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Copyright

The home page of Indiana University Libraries' guide to copyright law.

Copyright for Journalists

Newspapers for sale in Madrid.Journalists rely on the fair use doctrine which specifically allows for criticism, comment, and news reporting.  In fact, fair use provides a necessary outlet in the form of a constitutional safeguard for free speech, one of the cornerstones of journalism, that allows journalists to inform the public about important issues.

The fair use doctrine enables reporters to briefly quote books, movies, songs, and other works in order to report on them.  Similarly  film clips and other media are frequently used online or in radio and tv for purposes of criticism or comment.  Journalists can employ fair use for any type of media in any forum.

There are, however, some principles to be aware of.  First, one should always look to see how content has already been licensed.  For instance, Creative Commons licenses allow individuals to license their content so that others can use it more freely.  Journalists also traditionally rely on a "rule of proportionality."  In other words, journalists can use as much of a copyrighted work that they need to accomplish their goals but only as much as is reasonably appropriate to accomplish that legitimate purpose. Therefore, journalists cannot rely on arbitrary benchmarks such as 10% or 20% of a copyrighted work for fair use.  Finally, journalists believe in giving each other credit for work either with attribution (citing an appropriate source), and, where possible, with payment.  Fair use should be used as much as necessary to inform the public about important matters, but not at the cost of these basic principles.

Principles for Fair Use in Journalism

Journalists’ fair use rights are particularly favored in U.S. copyright law. Criticism, comment and news reporting are all singled out in the law as specific examples of general purposes appropriate for fair use," write Peter Jaszi and Pat Aufderheide in their Set of Principles for Fair Use in Journalism.  They have created video answers to frequently asked questions in journalism on the website of the Center for Media and Social Impact.  Jaszi and Aufderheide note several instances where fair use is particularly important for journalists including:

  • Incorporation of copyrighted material captured incidentally and fortuitously in the process of recording and disseminating news
     
  • Use of copyrighted material as proof or substantiation in news reporting or analysis
     
  • When copyrighted material is used in cultural reporting and criticism
     
  • When copyrighted material is used as illustration in news reporting or analysis
     
  • When copyrighted material is used as historical reference in news reporting or analysis
     
  • Using copyrighted material for the specific purpose of starting or expanding a public discussion of news
     
  • Quoting from copyrighted material to add value and knowledge to evolving news.

 

Media Clips

The Center for Media and Social Impact has released two particularly important guides for those who are incorporating film clips and other media into their work including:  Recut, Reframe, Recycle on using user-generated video and the Documentary Filmmakers' Statement of Best Practices in Fair Use for using commercially produced video, particularly documentary films.  These reports identify several principle areas where using another work is a fair use:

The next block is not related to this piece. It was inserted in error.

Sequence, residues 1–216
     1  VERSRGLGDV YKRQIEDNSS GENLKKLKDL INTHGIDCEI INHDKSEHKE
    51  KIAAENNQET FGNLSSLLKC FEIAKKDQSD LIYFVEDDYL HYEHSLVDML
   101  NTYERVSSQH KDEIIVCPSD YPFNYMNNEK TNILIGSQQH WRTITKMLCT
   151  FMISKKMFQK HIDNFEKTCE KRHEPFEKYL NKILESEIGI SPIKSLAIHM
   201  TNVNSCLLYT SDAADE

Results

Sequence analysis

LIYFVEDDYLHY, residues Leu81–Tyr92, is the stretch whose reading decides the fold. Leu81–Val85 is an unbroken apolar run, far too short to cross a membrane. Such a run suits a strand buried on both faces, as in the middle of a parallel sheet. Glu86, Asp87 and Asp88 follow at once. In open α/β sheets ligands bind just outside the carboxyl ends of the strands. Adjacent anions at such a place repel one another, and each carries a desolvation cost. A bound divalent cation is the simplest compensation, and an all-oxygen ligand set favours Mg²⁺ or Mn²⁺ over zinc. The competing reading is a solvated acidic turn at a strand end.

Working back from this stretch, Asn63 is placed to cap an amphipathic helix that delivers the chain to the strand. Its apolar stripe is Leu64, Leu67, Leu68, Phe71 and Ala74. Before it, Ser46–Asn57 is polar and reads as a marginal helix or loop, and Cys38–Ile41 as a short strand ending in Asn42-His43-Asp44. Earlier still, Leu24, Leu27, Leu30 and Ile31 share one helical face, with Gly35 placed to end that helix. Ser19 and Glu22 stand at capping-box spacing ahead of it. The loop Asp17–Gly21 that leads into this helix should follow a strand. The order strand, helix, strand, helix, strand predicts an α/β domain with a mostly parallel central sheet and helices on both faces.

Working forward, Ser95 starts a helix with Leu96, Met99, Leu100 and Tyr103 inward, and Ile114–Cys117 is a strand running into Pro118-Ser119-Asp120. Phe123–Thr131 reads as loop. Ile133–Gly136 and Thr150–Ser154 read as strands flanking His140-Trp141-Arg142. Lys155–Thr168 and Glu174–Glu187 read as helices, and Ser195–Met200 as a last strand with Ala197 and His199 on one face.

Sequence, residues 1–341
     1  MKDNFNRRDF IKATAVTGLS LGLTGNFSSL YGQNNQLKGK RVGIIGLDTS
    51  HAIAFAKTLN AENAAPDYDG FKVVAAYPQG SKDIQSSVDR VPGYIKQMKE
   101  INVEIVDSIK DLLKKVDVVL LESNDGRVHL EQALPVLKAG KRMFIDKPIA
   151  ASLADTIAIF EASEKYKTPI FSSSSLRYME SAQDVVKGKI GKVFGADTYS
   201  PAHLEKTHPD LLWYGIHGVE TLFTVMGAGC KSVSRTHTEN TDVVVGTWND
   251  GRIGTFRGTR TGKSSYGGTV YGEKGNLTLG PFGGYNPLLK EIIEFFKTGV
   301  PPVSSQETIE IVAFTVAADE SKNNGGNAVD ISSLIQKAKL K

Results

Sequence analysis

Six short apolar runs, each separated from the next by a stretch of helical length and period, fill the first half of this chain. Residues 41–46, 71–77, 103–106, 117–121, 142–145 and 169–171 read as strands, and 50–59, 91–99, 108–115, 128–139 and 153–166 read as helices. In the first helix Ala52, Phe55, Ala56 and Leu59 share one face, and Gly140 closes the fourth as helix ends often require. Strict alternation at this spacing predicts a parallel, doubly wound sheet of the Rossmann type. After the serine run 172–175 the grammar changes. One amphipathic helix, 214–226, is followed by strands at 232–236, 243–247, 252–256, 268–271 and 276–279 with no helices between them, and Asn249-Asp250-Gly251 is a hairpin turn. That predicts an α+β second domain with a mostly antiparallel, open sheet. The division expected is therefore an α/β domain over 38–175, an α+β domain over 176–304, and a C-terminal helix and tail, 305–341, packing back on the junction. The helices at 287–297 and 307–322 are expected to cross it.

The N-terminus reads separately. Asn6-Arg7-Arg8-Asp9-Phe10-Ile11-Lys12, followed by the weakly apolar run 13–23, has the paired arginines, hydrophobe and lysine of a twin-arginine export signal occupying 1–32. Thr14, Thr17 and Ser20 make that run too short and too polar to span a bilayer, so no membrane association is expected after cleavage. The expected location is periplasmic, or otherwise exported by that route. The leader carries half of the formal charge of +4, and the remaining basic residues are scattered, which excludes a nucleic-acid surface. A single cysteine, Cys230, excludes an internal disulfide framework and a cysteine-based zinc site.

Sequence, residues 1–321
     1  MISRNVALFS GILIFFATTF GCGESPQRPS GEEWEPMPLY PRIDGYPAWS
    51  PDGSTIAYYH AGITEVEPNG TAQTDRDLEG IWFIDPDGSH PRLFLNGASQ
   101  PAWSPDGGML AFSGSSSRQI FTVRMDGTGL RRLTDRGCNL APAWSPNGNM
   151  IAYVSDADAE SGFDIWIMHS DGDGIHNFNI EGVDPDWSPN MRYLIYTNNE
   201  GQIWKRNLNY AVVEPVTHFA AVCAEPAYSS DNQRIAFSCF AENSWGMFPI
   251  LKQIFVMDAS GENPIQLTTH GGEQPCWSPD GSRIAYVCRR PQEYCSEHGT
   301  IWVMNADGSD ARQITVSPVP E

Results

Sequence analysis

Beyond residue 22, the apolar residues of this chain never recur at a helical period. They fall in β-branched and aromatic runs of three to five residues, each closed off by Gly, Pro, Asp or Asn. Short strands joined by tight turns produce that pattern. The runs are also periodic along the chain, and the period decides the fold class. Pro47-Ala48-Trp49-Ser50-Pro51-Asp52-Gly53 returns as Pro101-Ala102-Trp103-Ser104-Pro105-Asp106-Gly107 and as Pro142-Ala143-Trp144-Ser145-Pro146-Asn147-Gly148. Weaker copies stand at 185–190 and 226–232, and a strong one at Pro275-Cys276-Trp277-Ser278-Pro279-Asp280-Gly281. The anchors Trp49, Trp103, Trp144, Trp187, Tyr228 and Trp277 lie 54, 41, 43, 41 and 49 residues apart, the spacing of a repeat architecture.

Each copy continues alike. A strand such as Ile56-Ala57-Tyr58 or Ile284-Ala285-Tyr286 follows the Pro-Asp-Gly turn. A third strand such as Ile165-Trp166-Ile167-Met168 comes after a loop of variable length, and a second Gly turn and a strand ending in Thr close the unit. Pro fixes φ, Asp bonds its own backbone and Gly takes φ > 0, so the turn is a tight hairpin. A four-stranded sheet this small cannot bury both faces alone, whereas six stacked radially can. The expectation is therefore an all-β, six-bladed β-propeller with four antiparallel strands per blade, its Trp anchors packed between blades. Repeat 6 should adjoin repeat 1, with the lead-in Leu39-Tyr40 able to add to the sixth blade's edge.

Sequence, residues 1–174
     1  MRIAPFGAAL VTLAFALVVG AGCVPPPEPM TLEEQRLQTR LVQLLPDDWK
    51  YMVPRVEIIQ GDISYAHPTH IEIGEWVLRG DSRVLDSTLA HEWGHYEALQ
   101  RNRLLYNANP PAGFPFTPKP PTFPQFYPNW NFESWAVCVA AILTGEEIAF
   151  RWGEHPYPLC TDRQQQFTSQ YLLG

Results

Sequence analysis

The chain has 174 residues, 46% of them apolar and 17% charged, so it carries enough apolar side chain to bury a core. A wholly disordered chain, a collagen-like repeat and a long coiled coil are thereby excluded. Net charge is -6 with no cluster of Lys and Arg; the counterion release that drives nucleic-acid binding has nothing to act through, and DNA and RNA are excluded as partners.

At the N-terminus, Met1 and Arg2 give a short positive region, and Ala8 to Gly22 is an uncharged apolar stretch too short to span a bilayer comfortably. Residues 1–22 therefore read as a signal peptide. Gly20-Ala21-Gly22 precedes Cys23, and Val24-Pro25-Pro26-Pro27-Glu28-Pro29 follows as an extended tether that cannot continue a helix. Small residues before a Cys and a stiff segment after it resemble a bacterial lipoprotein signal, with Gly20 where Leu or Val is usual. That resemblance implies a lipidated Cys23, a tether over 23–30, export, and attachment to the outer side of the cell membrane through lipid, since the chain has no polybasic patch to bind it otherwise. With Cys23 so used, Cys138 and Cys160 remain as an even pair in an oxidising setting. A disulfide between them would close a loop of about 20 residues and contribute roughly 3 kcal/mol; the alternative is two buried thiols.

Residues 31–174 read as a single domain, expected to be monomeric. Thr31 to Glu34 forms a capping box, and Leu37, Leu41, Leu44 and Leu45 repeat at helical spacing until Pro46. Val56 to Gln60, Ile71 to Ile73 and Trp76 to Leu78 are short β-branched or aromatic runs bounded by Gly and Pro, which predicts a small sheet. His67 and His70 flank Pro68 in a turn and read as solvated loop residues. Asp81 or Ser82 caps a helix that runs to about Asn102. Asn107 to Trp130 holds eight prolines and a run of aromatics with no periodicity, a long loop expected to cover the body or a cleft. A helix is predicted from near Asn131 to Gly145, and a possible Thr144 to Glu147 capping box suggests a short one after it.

For user generated content  use may be fair if journalists are creating

  • satire or parody
  • negative or critical commentary
  • positive commentary
  • a quotation to start a discussion
  • illustration or example
  • reportage/diaries
  • pastiche or collage
  • archive of vulnerable or revealing materials

For commercial films - use may be fair if journalists are

  • commenting on or critiquing copyrighted material
  • using copyrighted material for illustration or example
  • capturing copyrighted material incidentally or accidentally
  • reproducing, reposting, or quoting in order to memorialize, preserve, or rescue an experience, an event, or a cultural phenomenon
  • copying, restoring, and recirculating a work or part of a work for purposes of launching a discussion
  • quoting in order to recombine elements to make a new work that depends for its meaning on (often unlikely) relationships between the elements

Some footage is in the public domain.  Pre-1964 films that do not have a copyright notice or whose copyright was not renewed are in the public domain.  Copyright protection is not available for films shot by United States government agencies and employees in the course of their employment.

Using clips of other motion pictures or television broadcasts in a film may require a license.  In addition, the show business unions (e.g., Directors Guild of America, SAG-AFTRA) require that permission be obtained from the directors and actors in clips and payments made to them or their estates.  Stock footage houses can supply footage for use in films that need background footage (e.g. footage to show on a television the characters are watching) or establishing shots (e.g. traffic in Chicago) inexpensively and free of copyright and clearance issues.  If there is music in the clip and there is not a fair use basis for the use of the clip, then permissions for the use of the music will need to be obtained.

Donaldson and Calliff's Clearance and Copyright is a helpful book in this area.

 

Further Reading